Threat or use of force not the reason the person consented. The victim in an extortion must have consented to do some act as a result of the defendant’s threat or use of force. For instance, it would be a crime of extortion if the female victim paid money to prevent the defendant from revealing nude photos of her. However, it would not be extortion if the victim paid the money for some other reason, such as to pay a lawful debt.
The defendant had a lawful right to make the threat. If the threat was lawful, then there is no extortion. For instance, a threat to file a cause of action for personal injury unless the alleged victim settled the claim outside of court is not extortion. In fact, this scenario is common when attorney’s make personal injury claims against insurance companies.
The threat or use of force was not accompanied by the defendant making a demand for something of value. It would be extortion to tell someone that you will report that they stole an apple unless they give you two dollars, but it would not be a crime if only the threat to report the crime was made. An example would be if Dave stole money out of the cash register. Steve saw him do it and immediately said, “I’m going to tell the boss.” In response, Dave says, “I’ll give you $100 if you don’t say anything,” and Steve agrees. This is not extortion, though Steve may be guilty of other crimes, such as conspiracy and/or misprision of a felony (helping to cover up the crime.)
There was no use of force or threat accompanying the demand for something of value. If the demand for something of value was not accompanied by the use of force or threat or there is no connection between the two, then there is not crime of extortion. An example of this situation is when Robert tells Sarah that he will release nude photographs of her. He threatens her with this on April 2nd. Two weeks later he calls her and says, you owe me $200. The prosecutor will have to prove that the demand for money was in connection with the threat to release the nude photos or Robert will not be found guilty of extortion.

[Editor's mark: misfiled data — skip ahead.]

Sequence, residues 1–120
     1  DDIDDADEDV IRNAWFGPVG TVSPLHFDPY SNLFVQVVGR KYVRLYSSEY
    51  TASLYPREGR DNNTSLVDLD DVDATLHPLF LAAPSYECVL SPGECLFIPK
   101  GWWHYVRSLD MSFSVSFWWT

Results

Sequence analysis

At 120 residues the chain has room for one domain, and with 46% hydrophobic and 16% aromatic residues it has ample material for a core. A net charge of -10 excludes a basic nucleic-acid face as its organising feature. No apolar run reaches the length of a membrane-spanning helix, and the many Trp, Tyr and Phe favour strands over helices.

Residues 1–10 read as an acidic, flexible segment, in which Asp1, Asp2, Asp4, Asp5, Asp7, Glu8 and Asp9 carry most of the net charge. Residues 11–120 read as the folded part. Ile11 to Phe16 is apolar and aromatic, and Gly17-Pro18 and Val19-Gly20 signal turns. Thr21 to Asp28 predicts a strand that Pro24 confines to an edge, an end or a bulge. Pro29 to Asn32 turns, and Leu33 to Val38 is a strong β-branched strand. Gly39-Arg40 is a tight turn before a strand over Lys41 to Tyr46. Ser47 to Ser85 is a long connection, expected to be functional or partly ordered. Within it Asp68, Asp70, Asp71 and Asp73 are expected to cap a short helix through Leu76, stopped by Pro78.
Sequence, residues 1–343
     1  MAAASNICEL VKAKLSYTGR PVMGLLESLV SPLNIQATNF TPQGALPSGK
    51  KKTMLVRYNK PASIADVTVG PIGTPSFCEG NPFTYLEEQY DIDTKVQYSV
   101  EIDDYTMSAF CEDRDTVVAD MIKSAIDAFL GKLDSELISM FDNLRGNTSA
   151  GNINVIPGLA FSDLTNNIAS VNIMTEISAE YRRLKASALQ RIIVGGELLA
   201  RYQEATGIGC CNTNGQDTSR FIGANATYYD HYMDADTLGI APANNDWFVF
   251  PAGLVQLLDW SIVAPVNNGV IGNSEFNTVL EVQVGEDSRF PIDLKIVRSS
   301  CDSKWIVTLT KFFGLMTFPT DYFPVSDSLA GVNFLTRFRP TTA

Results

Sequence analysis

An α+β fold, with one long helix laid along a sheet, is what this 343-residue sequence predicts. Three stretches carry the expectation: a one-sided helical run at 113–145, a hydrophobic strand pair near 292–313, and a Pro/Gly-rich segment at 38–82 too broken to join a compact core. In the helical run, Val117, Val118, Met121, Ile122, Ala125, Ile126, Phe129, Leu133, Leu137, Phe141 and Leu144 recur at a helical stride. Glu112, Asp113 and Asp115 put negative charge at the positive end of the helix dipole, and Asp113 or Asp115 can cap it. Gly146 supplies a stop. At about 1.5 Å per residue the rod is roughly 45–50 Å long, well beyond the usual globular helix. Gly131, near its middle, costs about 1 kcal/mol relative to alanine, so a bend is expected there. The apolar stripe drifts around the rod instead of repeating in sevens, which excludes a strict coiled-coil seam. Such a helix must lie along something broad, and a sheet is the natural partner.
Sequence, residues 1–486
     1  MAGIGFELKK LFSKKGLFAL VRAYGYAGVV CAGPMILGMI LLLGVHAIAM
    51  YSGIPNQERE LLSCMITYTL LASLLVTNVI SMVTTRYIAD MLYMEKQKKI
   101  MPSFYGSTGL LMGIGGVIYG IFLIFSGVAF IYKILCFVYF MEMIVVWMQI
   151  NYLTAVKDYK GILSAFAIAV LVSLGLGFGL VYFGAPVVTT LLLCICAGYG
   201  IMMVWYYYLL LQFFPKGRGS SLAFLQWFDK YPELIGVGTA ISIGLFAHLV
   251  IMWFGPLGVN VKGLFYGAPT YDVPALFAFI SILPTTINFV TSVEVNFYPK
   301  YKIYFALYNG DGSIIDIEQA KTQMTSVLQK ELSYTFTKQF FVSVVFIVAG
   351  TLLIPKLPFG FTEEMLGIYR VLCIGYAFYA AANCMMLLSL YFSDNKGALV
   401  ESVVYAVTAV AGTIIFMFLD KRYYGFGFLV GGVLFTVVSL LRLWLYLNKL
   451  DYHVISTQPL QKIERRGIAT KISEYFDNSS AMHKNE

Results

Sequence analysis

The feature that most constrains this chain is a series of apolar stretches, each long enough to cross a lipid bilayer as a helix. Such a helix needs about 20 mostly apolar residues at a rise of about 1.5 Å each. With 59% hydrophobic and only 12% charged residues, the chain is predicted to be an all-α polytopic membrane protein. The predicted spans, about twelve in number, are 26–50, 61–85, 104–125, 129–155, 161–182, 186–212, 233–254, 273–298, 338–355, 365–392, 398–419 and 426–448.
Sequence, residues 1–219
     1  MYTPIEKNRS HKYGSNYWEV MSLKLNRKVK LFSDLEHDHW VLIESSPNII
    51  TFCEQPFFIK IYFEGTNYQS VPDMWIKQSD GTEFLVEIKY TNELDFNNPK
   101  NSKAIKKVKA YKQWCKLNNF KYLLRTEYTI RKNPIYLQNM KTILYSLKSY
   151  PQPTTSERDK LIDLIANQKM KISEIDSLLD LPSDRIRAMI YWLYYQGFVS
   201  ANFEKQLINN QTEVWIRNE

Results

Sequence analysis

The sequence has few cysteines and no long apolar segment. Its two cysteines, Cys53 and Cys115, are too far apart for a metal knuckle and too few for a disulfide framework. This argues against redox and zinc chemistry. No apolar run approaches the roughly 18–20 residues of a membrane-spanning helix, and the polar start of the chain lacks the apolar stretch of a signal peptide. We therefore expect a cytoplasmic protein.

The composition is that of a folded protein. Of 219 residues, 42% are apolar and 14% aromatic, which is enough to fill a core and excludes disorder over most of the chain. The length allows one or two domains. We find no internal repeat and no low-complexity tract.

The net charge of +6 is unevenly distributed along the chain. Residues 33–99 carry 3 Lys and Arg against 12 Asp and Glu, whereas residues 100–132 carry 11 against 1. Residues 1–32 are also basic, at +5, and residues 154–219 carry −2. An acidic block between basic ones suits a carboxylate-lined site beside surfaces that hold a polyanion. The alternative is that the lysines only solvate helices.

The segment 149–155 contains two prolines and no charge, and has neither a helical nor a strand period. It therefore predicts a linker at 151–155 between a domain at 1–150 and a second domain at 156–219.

Being Represented by a Knowledgeable Attorney is Crucial:
If you are charged with this crime it is crucial that you retain the services of a knowledgeable attorney as soon as possible. Extortion is a serious crime that involves elements that can lead to prison, deportation, or both, and you need competent representation and advice.
We have been successfully defending clients facing all types of criminal charges in Sonoma and Marin Counties, since 1992.
The 100 Trial Lawyers Association has recognized us as one of the best criminal defense attorneys in the country!
Please call our office today at (707) 571-8600 in our centrally located Santa Rosa office in Sonoma County or call our office in San Rafael in Marin County at (415) 492-4507 to schedule a free and confidential case evaluation.
Don’t bargain with your freedom! The right attorney makes all the difference between your freedom and incarceration!